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API Heritage Month begins with remembrance

April 16, 2021

May is Asian and Pacific Islander (API) Heritage Month, and the Asian Students Alliance (ASA) is hosting a variety of events over the next month and a half to recognize and celebrate students’ heritage.

This year, given the recent spike in anti-Asian hate crimes and sentiment in the United States, the month takes on increased importance for many.

“Asian Heritage Month is a time where we reckon with and celebrate Asian and Pacific Islander identities. So through all the events that we plan … part of it is to celebrate and do things for the communities of Asian and Pacific Islander students on campus, but also to make chances for people to educate themselves about these identities that we represent,” ASA president Kevin Chi ’21 said in a Zoom interview with the Orient.

The vigil on April 5 was not an official API Heritage Month event, but it was nonetheless an important event to start off the month, according to ASA board member Jacey Song ’23.

“I hope that people will know that we’re here, we exist and that they’re always welcome to come join our activities. I think especially in light of the racial attacks—the hate crimes—and everything going on in the United States, and around the world, it’s really important for people to hear our voices,” Song said in a phone interview with the Orient.

For the first official event of the month, held on April 10, ASA and Bowdoin Queer Students Association (BQSA) partnered to host a talk with Tan France of Netflix’s Queer Eye.

“We just wanted to invite someone who was more fun, lighthearted [and] could bring some joy to campus, because some of our later programming is a bit more serious,” Song said.

The second event of the month, held this past Tuesday, was a career panel consisting of six recent alumni. The event gave current students an opportunity to connect with the panelists and discuss their experiences, both at and beyond Bowdoin.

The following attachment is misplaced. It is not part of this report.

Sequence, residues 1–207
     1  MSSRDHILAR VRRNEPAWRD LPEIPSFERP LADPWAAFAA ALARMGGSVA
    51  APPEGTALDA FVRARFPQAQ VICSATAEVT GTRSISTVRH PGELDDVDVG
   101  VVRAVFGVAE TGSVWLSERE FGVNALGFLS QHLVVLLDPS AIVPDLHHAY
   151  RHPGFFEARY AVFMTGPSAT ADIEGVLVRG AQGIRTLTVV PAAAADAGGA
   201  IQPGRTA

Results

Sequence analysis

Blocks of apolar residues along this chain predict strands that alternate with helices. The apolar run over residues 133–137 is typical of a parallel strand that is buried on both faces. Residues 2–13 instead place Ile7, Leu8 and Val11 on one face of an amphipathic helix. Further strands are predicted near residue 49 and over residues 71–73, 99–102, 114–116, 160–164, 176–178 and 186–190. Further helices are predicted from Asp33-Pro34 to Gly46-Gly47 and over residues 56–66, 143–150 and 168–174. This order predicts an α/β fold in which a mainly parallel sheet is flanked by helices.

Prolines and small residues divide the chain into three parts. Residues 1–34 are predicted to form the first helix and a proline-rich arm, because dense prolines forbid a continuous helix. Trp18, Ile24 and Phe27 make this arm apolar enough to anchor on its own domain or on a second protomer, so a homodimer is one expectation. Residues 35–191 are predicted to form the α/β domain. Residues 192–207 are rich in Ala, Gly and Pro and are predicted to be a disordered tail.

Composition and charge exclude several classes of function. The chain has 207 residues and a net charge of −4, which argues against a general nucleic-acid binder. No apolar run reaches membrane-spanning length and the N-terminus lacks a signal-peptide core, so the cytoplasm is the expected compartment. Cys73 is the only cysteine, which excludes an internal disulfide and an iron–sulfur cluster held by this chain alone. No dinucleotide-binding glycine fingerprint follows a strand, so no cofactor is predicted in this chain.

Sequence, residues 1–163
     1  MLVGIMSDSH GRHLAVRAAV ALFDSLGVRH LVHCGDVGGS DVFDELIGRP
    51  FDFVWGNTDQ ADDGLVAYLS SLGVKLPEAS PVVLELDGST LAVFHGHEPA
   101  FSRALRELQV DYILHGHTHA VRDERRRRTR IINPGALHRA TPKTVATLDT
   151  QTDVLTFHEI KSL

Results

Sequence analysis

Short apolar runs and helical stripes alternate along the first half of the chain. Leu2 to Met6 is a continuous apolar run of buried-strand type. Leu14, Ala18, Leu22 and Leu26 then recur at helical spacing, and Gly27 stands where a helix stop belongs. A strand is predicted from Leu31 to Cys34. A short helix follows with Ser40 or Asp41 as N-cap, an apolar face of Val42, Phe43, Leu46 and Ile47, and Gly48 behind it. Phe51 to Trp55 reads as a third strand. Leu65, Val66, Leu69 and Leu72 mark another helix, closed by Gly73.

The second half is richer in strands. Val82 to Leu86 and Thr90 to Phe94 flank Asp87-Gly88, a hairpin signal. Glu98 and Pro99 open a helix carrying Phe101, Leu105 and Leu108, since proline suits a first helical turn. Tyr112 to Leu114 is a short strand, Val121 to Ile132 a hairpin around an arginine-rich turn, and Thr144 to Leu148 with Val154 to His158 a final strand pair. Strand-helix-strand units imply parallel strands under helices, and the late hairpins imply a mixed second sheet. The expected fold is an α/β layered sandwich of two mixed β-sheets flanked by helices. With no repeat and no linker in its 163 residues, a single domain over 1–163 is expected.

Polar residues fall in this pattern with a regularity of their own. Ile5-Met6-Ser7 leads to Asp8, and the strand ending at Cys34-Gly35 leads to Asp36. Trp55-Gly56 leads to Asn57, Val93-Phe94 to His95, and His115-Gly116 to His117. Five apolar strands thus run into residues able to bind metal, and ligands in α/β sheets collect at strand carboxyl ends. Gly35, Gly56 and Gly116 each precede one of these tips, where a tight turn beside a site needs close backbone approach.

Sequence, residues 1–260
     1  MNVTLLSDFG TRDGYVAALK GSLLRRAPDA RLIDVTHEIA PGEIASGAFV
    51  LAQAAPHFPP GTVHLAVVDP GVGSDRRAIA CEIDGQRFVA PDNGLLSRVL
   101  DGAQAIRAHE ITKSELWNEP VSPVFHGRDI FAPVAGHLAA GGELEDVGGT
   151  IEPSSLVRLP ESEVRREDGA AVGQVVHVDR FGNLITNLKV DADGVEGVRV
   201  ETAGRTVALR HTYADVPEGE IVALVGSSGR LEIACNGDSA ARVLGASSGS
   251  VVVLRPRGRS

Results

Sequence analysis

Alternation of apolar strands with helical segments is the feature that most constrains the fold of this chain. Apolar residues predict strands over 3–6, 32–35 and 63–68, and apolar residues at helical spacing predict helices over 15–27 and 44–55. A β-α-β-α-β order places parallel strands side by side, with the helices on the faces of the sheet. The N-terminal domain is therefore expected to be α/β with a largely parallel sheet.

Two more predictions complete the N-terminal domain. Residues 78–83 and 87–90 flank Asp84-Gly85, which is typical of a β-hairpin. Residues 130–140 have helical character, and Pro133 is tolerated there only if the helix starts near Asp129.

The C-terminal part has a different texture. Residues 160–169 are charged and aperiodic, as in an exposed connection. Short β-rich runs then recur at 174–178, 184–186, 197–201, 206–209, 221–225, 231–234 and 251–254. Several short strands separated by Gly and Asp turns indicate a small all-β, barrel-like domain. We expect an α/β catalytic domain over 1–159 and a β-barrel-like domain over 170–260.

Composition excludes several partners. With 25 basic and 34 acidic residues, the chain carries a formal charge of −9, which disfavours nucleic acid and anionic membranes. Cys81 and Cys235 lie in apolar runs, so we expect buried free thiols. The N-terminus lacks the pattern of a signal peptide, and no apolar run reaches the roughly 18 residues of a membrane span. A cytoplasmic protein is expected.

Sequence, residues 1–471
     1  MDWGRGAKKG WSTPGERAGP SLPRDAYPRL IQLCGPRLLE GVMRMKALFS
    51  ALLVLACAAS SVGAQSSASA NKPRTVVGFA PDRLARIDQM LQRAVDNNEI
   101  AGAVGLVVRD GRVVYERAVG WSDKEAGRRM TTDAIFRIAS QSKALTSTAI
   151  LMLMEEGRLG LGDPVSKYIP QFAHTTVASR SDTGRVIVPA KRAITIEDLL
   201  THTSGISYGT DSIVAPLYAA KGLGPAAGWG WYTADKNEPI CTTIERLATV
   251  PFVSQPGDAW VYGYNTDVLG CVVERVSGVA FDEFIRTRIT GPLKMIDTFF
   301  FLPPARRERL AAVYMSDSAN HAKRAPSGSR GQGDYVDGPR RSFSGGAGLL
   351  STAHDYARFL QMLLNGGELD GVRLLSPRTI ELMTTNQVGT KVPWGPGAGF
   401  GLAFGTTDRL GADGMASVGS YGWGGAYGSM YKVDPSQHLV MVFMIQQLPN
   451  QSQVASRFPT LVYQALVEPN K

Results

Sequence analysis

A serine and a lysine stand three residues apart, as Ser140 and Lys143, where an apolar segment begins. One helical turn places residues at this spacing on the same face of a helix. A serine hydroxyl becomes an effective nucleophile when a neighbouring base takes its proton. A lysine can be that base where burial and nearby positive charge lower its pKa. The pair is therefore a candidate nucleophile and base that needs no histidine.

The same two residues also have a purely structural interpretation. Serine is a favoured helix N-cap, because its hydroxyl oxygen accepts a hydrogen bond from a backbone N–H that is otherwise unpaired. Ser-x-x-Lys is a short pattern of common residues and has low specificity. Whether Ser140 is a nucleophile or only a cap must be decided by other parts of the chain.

“Instead of talking mainly about career goals and how to go through the next steps in finding a job, finding internships … it was really centered around how to navigate their AAPI identities on campus and in jobs afterwards,” Song said.

On Thursday, Enze Han, a professor at the University of Hong Kong, gave a talk on recent political and social events in Southeast Asia. On April 28, ASA and the English Department will partner to host a talk with Cathy Park Hong, a Korean American poet and essayist.

ASA will also hold some larger community-building events this month, such as a movie night next Friday and a food event at the end of the month. Unfortunately, due to the pandemic, these events will likely be a different experience than as in the past.

“During a normal year, we would have Monday night dinners in Thorne—we would have a room reserved. And that would be a primary way that people would come together … But without that space, it’s been really difficult to host community mixer gathering events on Zoom,” Chi said. “Whenever we have food events now, we have to sort of just give food out to people and tell them to go back to their rooms and eat.”

In addition to the events, ASA is also hosting an Affinity Group Photo Project. ASA is inviting students of color and of minority groups to answer two questions: when they feel most alienated or vulnerable because of their race or identity, and when they feel most supported. Students will write their answers on a whiteboard and have two photos taken, one in black and white for the first question, and the other in color for the second.

“We’re hoping to send a message across the whole campus about the best ways to support minority groups on campus and what things that people do that make us feel alienated and vulnerable,” Chi said. “It’s going to be a collage of all the photos—but I’m hoping that people won’t just look at it as a whole collage, but really zoom into it and look individually at each photo and read every response.”

Overall, Song hopes that the API Heritage Month events can bring people together and encourage members of the community to discuss and educate themselves about Asian experiences.

“While we are holding these fun events, we’re also holding conversations and gatherings for groups of our community—for people in our community to voice their opinions, their experiences, what they’re going through. It would be great if more people from the Bowdoin community or from the alumni community, or even from around Maine, around Brunswick, could come listen in and learn a bit more,” Song said.


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